Users of BioLink -- feedback?

Paul J. Morris mole at MORRIS.NET
Tue Jan 16 09:51:27 CST 2001


>"Also, I have yet to discover if customized fields are available to the
>user.  Biota has a limited number of fields that could be customized, but
>not enough to accomplish adding the extra info I wanted to include. For
>example, ... the conservation status of each taxon based on various local,
>state, and federal resource agencies, conservation groups, etc.  Depending
>upon the taxon, it may have one to many conservation statuses depending upon
>who tracks it."
     Custom fields in Biolink are available in two forms: keywords and
traits.  Both allow the user to add an unlimited list of new fields.
Keywords work as a flexible controlled vocabulary.  You can specify keyword
categories (e.g. conservation status) and a controlled vocabulary for each
category (phrases such as endangered species, threatened, etc...).
Biolink includes a phrase manager to allow privileged users to create and
edit this controlled vocabulary, unfortunately it does not work properly in
the current release version 1.0.  Picklists for the controlled vocabulary
are generated from a select distinct query on the values currently in use
in the database rather than from the phrases entered in the phrase manager.
 The work around for this is to create a 'work around' record in the
database and add all of the desired keywords to it.
     Traits are very flexible fields - they can be set up to enter
essentially any data that a user wants.  They can be used to import data
that does not exactly map onto biolink's field structures.  Traits are a
very flexible and powerful aspect of biolink, especially if you use biolink
with the full version of  MS SQL Server 7.  With biolink and SQL Server, it
is possible to import data that does not exactly map onto biolink fields
into traits, and then manipulate it within sql server to fit biolink's
structures.
    Each taxon or specimen or publication record can be associated with as
many keywords or traits as desired.   Multiple publications can be
associated with at taxon.  Keywords, however, cannot be associated with a
publication, except by storing the name of the source in a text 'qualifier'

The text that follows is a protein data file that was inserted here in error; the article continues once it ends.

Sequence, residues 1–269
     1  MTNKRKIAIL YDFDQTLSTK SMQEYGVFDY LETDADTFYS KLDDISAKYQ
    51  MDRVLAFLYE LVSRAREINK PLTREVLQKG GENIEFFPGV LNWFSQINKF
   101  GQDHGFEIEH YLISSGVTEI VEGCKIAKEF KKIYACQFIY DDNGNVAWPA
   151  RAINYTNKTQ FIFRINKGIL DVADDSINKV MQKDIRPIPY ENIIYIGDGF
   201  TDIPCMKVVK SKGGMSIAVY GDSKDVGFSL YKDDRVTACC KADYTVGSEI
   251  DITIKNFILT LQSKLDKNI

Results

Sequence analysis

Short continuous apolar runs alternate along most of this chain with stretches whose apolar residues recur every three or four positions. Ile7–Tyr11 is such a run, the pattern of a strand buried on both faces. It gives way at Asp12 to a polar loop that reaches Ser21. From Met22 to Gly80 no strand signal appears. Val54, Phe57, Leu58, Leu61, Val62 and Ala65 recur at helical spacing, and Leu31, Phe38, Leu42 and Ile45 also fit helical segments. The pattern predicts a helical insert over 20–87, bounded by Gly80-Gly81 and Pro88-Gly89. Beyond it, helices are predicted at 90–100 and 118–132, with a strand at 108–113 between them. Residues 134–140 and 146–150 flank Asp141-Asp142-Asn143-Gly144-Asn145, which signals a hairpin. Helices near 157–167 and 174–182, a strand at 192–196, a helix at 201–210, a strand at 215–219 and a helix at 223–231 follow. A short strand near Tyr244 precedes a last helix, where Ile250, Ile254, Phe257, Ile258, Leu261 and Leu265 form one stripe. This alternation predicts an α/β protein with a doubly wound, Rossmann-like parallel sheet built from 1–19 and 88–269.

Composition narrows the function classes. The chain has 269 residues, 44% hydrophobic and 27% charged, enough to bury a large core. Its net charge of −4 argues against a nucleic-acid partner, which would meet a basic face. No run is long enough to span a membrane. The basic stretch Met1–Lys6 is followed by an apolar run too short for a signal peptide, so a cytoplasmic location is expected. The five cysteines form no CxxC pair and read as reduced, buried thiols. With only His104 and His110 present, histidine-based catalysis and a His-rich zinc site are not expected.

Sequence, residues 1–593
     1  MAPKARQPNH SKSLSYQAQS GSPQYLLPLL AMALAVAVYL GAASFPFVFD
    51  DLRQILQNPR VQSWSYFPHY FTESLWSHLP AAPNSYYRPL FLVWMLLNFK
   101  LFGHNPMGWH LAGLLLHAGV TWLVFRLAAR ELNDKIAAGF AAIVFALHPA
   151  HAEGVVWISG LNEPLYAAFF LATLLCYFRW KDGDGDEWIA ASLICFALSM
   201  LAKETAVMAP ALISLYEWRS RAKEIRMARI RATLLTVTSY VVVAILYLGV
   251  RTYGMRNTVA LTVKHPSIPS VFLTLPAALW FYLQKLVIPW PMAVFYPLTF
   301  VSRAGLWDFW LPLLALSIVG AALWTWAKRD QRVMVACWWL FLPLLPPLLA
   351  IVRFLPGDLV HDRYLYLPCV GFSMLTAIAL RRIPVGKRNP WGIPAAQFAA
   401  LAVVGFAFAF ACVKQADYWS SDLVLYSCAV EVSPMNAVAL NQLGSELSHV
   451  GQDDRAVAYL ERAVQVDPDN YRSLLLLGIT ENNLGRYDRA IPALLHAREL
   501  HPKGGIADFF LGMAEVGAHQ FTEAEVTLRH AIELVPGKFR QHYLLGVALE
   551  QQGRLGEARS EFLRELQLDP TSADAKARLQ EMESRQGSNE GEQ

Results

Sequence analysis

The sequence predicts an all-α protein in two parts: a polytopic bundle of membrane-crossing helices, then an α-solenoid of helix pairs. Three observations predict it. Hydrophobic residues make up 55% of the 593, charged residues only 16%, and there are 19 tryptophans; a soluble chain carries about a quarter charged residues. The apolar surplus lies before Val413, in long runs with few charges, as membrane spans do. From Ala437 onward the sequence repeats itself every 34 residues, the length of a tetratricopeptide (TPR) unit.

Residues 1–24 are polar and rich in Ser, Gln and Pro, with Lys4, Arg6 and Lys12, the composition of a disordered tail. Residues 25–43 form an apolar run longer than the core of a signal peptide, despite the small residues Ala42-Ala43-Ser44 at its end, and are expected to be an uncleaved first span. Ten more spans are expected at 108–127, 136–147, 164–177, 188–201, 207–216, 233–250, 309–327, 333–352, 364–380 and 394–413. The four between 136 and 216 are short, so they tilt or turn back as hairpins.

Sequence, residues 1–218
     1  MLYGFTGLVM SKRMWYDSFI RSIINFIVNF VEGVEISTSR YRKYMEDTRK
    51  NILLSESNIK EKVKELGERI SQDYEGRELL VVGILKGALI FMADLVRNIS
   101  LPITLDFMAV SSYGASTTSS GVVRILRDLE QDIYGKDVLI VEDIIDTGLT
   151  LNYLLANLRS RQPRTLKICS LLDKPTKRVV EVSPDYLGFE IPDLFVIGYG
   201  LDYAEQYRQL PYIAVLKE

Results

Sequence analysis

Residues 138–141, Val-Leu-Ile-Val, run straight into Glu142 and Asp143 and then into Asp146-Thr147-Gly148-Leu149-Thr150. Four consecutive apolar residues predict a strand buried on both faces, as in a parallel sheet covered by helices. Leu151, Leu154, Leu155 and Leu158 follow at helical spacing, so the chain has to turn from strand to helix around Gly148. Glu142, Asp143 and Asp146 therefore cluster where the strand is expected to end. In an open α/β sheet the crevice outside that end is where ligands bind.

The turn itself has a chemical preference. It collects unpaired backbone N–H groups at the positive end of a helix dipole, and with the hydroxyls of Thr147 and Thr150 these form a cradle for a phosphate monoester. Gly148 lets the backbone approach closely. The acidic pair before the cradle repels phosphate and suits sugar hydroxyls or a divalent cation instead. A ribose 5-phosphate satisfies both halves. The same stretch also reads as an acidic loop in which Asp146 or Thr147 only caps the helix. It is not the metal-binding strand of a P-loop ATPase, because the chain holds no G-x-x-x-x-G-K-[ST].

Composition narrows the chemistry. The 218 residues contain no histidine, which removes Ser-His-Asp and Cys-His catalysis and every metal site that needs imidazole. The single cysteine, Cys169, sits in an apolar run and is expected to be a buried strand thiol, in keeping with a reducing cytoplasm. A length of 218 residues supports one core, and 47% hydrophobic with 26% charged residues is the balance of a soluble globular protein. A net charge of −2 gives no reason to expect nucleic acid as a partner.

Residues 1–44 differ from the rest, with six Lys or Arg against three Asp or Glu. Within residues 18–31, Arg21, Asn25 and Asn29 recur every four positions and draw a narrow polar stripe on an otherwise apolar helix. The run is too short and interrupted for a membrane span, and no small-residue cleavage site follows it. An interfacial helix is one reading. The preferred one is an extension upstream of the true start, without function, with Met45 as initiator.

field for the keyword.  It is possible to set biolink up to track the
conservation status of a taxon according to different authorities, but it
will not be easy to run a search using the authorities (further detail
below).
    At ANSP we have been using Biolink since its initial release last
summer to support a grant to capture all of the names of indopacific
molluscs, and are beginning to try using it for managing collections
information.   We have had reasonable success with multiple users in
Australia and the US connecting to a biolink database at ANSP and entering
data.   This has not been entirely without problems, and our biggest
difficulty with biolink has been getting user support.

-Paul
---------------------
Paul J. Morris, Biodiversity Information Manager
The Academy of Natural Sciences
1900 Benjamin Franklin Parkway, Philadelphia, PA  19103, USA
215-299-1161   mole at morris.net  AA3SD  PGP public key available.
-----
How biolink handles references and keywords in a bit more detail:
Each taxon has zero to many references.
Each reference comes from one and only one publication
A reference includes Reference type, page, and Qualifier (uncontrolled
text) fields.
(thus a reference can be identified as a source for conservation status
information)
Each taxon has zero to many keywords
A keyword includes Keyword Type, Keyword Value, and Qualifier (uncontrolled
text) fields
Thus it is possible to record two sources for conservation status
information about a taxon, but it is not possible to directly link these
sources with the status (without an extensive work around: one could create
a long list of reference types that includes each value for conservation
status and use the reference type as a work around for a vouchered keyword,
or one can duplicate the source information in the qualifier field for the
keyword, but it will not be possible to control what gets typed into that
field, and errors may creep in).

Conversely, for associated taxa it is possible to link to a source for the
information about the association
Each taxon has zero to many associations with other taxa.
Each association has zero to one reference.




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